Under the Tuscan Spell

I get asked two questions when I reveal I work for EAT; What’s the best part of the gig? and How’d you dream up all those story ideas? The answers are incredibly similar. For me, the best part has to be discovering the businesses and passionate folks who make Victoria’s food culture possible. Often, these are right below our noses, which segues perfectly into my second answer: the entire EAT web team works hard to develop stories that unearth the secrets of Victoria food.

For example, this article started after a lengthy discussion with the EAT editors about checking out “that Tuscan store with the nice tableware.” I’ll admit, I rushed down View Street every day this summer on my way to work, but hadn’t ventured into Tuscan Kitchen. So thank you EAT for giving me a push through their doors.

Now married for 43 years, Mauro and Gerri Schelini originally started the Tuscan Kitchen in 1997, opening Maddox Farms in Cordova Bay. Two years later they expanded to their current View Street location. While the Tuscan Kitchen stocks an overwhelming variety of majolica ceramics, they’re also focused on the art of Tuscan cuisine. “To me, Tuscan cooking is taking the products that grow well in your area and making them shine,” says Gerri.

Gerri's recipe

Hoping to experience a taste of this Tuscan cooking, I consulted with Mauro and Gerri for a recipe that would embody their store’s goal: to enjoy life’s little daily luxuries.

They loaded me up with a bounty of true Italian ingredients: extra virgin olive oil, balsamic vinegar, san marzano tomatoes, cannellini beans and a vessel to combine everything: a Staub enameled cast iron cocotte. Gerri also included a handwritten recipe for minestrone soup. The recipe was more a guideline than exact instructions and despite the fact I’ve never made minestrone before, I wasn’t nervous.


As Gerri said, it’s about making the ingredients shine — not hard to do when they’re Italy’s best. For instance, san marzano tomatoes originate from the Mount Vesuvius area, first grown in volcanic soil. Today, they are considered a must-have in chef’s kitchens for their sweetness and low acidity and seed count. When grown in the Valle del Sarno region in Italy, canned san marzanos can be classified as Pomodoro S. Marzano dell’Agro Sarnese-Nocerino in accordance with Italian law (much like the champagne distinction in France.) Look for the Pomodoro S. Marzano designation when purchasing.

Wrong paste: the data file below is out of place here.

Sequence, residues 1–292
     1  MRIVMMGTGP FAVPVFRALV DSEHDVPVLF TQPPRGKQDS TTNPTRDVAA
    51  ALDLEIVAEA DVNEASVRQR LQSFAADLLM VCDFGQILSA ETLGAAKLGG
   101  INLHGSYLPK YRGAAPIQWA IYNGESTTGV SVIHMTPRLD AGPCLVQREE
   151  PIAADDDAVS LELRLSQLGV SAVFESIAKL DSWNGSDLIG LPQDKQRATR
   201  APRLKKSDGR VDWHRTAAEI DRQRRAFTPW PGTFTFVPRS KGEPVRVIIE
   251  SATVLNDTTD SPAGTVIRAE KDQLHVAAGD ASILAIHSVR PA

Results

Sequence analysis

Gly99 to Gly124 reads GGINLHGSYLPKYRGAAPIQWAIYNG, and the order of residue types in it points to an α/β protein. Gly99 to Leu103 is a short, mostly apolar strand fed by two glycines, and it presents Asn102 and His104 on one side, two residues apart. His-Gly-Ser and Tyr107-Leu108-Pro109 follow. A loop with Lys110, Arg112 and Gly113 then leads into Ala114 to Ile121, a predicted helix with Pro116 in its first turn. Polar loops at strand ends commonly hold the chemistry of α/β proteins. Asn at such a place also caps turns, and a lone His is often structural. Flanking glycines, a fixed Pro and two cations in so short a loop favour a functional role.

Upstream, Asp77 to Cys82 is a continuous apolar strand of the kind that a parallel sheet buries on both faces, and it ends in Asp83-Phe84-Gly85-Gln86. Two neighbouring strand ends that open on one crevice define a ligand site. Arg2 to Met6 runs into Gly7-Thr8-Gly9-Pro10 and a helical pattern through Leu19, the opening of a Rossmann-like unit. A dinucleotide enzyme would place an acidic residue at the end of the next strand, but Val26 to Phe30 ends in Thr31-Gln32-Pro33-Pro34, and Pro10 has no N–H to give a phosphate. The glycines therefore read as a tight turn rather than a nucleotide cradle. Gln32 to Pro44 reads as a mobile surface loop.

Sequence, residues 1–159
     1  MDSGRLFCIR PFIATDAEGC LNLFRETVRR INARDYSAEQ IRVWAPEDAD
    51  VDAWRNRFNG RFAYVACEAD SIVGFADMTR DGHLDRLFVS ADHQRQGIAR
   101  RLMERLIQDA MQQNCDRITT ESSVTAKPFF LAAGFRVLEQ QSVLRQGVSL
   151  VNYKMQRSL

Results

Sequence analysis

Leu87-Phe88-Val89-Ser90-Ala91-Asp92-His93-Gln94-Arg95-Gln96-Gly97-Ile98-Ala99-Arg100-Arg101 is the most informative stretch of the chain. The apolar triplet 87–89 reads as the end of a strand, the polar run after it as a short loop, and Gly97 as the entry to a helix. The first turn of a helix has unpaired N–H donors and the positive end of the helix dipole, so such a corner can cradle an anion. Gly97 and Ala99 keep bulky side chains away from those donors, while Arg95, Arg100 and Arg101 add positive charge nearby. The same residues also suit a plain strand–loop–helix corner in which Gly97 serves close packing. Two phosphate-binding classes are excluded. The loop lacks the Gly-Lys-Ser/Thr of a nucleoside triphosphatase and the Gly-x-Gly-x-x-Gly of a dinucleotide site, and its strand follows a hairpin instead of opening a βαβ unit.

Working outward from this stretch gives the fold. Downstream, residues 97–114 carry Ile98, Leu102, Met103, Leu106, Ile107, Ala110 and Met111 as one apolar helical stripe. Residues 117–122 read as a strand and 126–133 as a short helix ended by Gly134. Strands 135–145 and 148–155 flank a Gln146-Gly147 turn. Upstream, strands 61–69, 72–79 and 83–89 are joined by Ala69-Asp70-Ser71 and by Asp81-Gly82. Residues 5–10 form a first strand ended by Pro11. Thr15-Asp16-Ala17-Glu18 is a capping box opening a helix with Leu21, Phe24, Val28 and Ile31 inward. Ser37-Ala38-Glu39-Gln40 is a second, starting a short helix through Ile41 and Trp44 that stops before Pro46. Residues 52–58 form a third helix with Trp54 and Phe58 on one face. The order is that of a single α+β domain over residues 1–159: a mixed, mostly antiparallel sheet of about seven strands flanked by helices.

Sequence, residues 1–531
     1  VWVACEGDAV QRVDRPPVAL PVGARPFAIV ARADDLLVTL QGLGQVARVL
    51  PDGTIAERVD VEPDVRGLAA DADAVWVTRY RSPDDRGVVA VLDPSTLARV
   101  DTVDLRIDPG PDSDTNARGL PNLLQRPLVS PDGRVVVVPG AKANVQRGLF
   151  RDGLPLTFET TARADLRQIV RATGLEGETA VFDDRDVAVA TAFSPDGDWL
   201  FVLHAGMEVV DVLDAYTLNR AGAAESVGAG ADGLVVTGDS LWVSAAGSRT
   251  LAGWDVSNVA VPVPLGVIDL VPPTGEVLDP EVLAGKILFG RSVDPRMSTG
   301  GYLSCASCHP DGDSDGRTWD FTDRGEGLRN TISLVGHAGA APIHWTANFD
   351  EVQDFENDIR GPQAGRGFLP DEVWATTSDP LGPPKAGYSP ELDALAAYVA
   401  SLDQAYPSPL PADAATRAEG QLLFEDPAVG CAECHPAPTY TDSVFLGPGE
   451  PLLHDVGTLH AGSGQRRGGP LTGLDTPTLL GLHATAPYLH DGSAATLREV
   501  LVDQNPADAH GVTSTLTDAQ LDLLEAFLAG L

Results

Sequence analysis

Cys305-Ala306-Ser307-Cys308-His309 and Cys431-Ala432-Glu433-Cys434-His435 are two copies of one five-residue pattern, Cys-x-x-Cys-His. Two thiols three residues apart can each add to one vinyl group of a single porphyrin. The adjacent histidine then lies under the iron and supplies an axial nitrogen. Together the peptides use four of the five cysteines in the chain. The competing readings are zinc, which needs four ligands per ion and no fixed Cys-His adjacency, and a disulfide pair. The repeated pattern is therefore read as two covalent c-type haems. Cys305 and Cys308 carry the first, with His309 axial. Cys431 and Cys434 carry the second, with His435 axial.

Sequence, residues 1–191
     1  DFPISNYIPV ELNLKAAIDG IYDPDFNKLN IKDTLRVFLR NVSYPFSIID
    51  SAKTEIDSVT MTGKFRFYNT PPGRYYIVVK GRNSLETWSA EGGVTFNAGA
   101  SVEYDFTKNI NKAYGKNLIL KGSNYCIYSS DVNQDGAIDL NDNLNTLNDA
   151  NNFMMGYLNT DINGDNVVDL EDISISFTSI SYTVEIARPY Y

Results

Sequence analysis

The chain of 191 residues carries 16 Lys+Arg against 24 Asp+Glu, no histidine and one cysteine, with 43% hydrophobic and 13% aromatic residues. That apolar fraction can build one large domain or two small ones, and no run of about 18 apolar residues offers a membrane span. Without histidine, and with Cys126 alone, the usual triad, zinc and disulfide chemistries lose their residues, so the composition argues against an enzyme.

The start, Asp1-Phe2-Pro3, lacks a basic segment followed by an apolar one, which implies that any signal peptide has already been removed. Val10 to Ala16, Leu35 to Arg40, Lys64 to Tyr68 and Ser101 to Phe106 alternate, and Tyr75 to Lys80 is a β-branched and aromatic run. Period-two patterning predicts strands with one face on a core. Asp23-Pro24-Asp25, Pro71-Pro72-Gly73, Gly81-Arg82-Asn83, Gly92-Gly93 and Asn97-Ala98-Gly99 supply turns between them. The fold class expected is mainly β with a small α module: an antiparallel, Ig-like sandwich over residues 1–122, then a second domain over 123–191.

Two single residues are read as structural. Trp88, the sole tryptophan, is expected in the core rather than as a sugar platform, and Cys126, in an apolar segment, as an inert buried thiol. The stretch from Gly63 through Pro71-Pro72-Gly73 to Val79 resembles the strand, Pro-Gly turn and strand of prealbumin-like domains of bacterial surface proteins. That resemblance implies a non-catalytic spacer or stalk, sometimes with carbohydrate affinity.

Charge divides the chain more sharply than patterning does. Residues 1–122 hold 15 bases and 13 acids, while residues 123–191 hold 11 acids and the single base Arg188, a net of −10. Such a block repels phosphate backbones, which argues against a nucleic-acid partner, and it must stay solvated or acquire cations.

Staub (okay, technically from France; I’m making an exception) already has an excellent reputation, but I was curious if the hype was warranted. With a matte black finish, there’s no need to season the pot prior to first use. The cast iron’s natural heat retention sweated my mirepoix evenly, and kept the soup at an even simmer after the stock had been added. Staub’s also engineered the lid to continuously self-baste the content — small spikes on the bottom of the lid enable drops of condensation to fall back into cooking food.

With the addition of miniature bow tie pasta and a drizzle of balsamic, the minestrone provided a hearty meal. I’ve listed the ingredients I used below, but note this is a very rough guide. Essentially, you want to sweat the mirepoix with flavorings of your choice until lightly caramelized. Add in the next layer of ingredients, in my case tomatoes, potatoes and cannellini beans, and cover with stock. Simmer until the vegetables are tender. Serve or continue to cook with pasta.

I have no doubt Gerri and Mauro would lend their recipes to anyone who inquires. It’s pretty neat to have a shop in Victoria dedicated to one region and style of cooking.


Tuscan Kitchen ingredients

TK ingredients

Minestrone Soup






Herbs de Provance

Canned san marzano tomatoes

Cannelli beans

Stock of your choice

Small-sized pasta


Grated cheese

Drizzle of oil olive and balsamic vinegar

Gerri (L) Mauro (R) 2
Balsamic drizzle on the soup

Written By:

Kaitlyn Rosenburg holds a BFA in creative writing with a minor in journalism and publishing from the University of Victoria. Her work has appeared in local publications such as The Martlet, as well as national publications like ...

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